This is reported by Ukrinform with reference to a joint investigation by The Insider, Le Monde, and Bellingcat.
The deliveries consisted of goods from Auchan warehouses, as well as porducts collected by volunteers at Auchan stores in various regions of Russia.
The investigation cites a letter sent out to employees of St. Petersburg stores: "Colleagues, please collect a cession for humanitarian aid (according to the list in attachment) and send it to the North store tonight... Palletizing rules (including for logistics goods): mark the pallet as HUMANITARIAN AID."
The goods in the mentioned attachment look nothing like "humanitarian aid" but more like army gear: male socks in various sizes, cigarettes (which are not supplied as humanitarian aid), lighters, and razors. At the same time, there is nothing offered for women or children. The number of goods (1,000 tubes of toothpaste, 500 lighters) indicates that there are many recipients, at the level of 1-2 battalions.
Further, this "humanitarian aid" is formalized as a purchase by 10 legal entities. These companies are related to each other: they all serve St. Petersburg's Passazhiravtotrans, which, in turn, belongs to the municipal transport committee. Some of these legal entities, responding to the journalists’ inquiry, did not hide the fact that the goods were sent to the Russian military.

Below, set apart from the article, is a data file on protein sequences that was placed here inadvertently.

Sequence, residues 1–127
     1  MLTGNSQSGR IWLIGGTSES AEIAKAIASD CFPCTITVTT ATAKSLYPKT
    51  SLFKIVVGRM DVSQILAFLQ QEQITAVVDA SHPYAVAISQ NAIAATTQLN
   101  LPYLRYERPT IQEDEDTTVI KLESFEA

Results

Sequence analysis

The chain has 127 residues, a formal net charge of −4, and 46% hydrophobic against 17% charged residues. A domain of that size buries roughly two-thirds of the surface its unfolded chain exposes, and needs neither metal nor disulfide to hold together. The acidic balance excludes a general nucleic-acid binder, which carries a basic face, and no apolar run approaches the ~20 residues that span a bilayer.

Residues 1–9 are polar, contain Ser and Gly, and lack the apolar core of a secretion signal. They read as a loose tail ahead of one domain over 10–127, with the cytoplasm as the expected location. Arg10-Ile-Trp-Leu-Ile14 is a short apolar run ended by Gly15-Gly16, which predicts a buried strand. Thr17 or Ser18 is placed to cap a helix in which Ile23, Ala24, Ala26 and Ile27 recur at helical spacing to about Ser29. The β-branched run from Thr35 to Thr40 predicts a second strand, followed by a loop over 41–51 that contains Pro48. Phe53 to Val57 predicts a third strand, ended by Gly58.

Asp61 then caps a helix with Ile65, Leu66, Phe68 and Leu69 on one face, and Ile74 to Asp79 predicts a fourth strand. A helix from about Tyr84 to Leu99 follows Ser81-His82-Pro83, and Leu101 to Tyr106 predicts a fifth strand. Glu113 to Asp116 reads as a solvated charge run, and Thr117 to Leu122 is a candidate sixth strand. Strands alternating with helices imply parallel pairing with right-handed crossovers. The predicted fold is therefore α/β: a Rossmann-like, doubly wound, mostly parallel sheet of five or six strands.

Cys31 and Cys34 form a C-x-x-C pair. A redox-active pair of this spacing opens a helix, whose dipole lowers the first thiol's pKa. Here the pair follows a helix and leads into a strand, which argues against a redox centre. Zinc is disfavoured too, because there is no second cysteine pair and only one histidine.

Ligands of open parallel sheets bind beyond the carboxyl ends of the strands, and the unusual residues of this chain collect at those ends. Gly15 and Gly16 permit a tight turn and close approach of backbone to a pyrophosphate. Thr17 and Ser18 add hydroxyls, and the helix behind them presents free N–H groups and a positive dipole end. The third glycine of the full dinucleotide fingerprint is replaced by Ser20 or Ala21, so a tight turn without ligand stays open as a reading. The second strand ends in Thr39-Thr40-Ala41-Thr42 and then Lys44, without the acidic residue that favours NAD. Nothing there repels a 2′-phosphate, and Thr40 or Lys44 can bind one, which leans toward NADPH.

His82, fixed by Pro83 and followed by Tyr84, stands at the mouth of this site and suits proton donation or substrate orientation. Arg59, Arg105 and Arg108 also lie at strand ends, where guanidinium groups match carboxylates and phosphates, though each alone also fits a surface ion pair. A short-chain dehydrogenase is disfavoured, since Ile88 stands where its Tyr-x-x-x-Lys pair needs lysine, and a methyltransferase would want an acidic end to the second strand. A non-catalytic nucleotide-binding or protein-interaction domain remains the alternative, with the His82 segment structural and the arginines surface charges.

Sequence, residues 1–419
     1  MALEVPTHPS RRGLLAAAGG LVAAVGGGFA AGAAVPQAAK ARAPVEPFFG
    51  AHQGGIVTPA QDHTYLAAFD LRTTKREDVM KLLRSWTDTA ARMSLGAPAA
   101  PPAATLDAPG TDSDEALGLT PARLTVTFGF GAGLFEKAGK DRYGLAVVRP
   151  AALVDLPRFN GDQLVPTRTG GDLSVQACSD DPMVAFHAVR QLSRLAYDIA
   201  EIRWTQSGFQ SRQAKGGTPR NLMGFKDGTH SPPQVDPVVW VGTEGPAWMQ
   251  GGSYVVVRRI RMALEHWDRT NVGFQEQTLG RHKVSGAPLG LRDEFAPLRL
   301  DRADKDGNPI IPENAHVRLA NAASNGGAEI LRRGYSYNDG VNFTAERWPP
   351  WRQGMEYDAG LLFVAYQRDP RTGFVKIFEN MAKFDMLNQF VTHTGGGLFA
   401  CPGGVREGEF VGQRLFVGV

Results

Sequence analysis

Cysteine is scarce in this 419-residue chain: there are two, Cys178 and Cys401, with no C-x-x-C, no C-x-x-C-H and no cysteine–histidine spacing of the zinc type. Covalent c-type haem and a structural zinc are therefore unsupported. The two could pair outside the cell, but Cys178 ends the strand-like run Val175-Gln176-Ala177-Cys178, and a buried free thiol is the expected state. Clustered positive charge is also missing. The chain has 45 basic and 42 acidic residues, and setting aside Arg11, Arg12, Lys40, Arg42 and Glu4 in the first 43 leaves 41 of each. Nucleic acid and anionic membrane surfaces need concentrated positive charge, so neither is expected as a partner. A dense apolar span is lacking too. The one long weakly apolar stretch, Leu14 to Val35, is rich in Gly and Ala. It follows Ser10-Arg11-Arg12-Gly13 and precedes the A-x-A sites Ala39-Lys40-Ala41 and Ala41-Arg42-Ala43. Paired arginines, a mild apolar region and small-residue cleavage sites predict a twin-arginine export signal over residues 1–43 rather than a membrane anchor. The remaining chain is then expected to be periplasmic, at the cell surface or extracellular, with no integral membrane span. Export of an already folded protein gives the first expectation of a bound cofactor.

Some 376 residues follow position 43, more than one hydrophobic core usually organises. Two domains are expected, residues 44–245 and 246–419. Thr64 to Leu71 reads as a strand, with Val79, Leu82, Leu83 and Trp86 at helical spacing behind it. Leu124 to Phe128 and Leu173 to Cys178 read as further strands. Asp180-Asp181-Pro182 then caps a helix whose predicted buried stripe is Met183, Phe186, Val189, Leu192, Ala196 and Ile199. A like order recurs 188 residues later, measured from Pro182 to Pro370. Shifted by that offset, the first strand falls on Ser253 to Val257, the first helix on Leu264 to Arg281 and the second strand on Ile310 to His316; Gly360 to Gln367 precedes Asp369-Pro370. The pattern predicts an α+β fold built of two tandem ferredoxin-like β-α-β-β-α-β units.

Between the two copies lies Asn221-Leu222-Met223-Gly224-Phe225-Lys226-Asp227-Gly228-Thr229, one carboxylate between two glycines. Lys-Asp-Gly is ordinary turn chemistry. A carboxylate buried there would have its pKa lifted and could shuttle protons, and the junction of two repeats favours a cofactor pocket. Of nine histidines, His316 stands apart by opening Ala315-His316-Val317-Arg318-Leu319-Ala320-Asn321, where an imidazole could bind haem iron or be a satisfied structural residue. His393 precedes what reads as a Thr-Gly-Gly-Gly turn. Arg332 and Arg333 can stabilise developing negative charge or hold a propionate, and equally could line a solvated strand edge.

Auchan used more than their St. Petersburg stores to supply goods to the occupying force. This is evidenced by the fact that the delivery was coordinated with the Moscow office, and that in other regions, the collection of aid in the premises of shopping centers owned by Auchan was also observed. In Samara, Rybinsk, and Vladimir, "humanitarian aid for Donbas" collection points were located at Auchan stores.
As noted in the investigation, apparently, not only Auchan, but also Leroy Merlin, which belongs to the same holding, was engaged in the supply of goods to the Ukrainian territories occupied by Russian troops. For example, in a video from Mariupol, posted in December, members of the Young Guard of United Russia are unloading identical Leroy Merlin-branded pallets.
Also, according to the authors of the investigation, Auchan helped Russian authorities deal with military draft evaders: the company collected and transferred data on their employees to military commissariats, and after the mobilization was announced, the company helped draft offices fulfill the call-up norm: employees were served with draft notices at their workplace and offered to resign.
The Auchan chain is one of the 10 largest foreign companies still operating in Russia.